About Game of the Goose and Lung Dissections
Teaching is usually an important part in a student teacher’s internship. However, if students speak a language you don’t speak and you only speak languages they don’t understand, this becomes slightly less obvious. Four science students from Arteveldehogeschool in Ghent accepted the challenge and decided to pursue their internship together with a team of local student teachers. They helped each other out with drafting lesson plans and exchanging pedagogical tips. However, teaching in schools turned out to pose too many linguistic and practical hurdles.
Instead we organized a series of lessons, originally dubbed “sessions” on science education, alternating between physics and biology. In each session the Belgian students discussed a science topic, focusing on innovative methodologies and low-cost experiments. After each session, we held a “round table” discussion on the chosen approach. Sessions were well attended by student teachers and were frequently visited by lecturers as well.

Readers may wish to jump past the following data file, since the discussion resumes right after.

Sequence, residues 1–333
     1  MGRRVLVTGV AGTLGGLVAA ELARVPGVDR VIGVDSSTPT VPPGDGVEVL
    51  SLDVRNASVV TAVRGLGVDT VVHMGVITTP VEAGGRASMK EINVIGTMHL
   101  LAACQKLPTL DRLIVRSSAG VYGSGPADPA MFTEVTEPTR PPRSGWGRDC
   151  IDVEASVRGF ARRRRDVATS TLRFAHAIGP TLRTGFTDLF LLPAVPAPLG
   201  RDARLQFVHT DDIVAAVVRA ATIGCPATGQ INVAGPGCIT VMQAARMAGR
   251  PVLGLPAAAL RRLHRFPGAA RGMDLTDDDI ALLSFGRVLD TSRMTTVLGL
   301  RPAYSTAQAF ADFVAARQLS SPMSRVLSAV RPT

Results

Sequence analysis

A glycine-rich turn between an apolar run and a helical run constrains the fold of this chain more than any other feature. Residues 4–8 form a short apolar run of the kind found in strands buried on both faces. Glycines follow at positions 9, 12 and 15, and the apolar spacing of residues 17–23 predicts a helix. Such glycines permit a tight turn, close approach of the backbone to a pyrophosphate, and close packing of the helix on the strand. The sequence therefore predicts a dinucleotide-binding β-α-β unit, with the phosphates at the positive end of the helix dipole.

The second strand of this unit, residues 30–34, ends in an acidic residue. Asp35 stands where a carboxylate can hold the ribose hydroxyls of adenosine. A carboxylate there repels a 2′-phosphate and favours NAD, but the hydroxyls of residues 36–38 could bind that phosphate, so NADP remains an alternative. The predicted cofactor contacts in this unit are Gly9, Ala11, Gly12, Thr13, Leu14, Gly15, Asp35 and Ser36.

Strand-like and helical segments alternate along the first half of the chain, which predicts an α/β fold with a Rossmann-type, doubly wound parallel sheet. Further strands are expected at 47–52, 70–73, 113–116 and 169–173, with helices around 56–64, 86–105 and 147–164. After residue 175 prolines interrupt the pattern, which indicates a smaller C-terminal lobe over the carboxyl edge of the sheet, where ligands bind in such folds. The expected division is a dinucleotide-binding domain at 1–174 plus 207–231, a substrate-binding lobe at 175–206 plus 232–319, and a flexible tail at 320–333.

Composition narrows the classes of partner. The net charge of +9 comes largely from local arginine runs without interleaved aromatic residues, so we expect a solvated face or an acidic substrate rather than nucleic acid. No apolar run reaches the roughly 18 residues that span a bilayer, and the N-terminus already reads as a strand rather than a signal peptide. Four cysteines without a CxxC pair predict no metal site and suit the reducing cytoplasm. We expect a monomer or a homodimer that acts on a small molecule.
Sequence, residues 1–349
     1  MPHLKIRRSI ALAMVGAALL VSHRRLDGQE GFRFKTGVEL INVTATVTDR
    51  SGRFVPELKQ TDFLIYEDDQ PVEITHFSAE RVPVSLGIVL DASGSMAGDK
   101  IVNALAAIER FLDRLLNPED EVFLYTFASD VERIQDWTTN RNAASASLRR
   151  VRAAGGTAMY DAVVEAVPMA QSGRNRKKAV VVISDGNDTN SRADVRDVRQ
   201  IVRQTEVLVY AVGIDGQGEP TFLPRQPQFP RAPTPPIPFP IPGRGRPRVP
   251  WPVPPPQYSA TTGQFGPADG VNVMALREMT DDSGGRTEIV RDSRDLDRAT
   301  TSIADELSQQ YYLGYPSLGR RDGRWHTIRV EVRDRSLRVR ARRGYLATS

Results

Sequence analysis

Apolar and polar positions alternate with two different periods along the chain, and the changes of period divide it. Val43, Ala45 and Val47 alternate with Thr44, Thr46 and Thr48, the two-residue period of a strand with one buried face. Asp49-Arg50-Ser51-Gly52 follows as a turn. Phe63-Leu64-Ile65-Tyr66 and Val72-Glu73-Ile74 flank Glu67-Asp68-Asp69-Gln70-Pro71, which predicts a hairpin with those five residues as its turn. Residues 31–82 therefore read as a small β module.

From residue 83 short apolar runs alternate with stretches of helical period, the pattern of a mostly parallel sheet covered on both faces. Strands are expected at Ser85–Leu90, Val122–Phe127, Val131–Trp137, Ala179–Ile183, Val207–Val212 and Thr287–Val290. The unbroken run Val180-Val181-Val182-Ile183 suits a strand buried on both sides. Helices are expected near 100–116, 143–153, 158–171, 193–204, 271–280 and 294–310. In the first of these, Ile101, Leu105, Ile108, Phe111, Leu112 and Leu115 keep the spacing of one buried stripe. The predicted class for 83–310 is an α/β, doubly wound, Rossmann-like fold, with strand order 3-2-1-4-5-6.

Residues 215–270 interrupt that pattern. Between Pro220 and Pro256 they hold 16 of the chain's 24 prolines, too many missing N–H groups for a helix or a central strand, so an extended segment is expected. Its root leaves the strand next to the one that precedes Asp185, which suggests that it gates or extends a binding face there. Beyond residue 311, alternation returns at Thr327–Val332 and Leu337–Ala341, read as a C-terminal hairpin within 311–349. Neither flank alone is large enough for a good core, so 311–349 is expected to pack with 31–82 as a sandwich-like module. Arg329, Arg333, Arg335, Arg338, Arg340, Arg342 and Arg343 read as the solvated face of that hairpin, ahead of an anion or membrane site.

For biology, Elien and Karlien displayed a keen interest in all things dissection, choosing for their lessons dissections of the eye (from cow) and the lungs (from pig). Willem and Seppe organized among others a heat shield contest, during which student teams were challenged to build the most heat-resistant heat shield. Particularly well-liked was their final Game of the Goose board game, where student teams competed on their understanding of all previous sessions.
The sessions offered inspiring examples of learner-centered lessons to students and teachers. Whether they will find their way to lesson practice though remains to be seen, since lack of time is traditionally quoted as a main barrier. For us, it illustrated the value of having sufficient people on the ground and plenty of contact time in order to achieve results.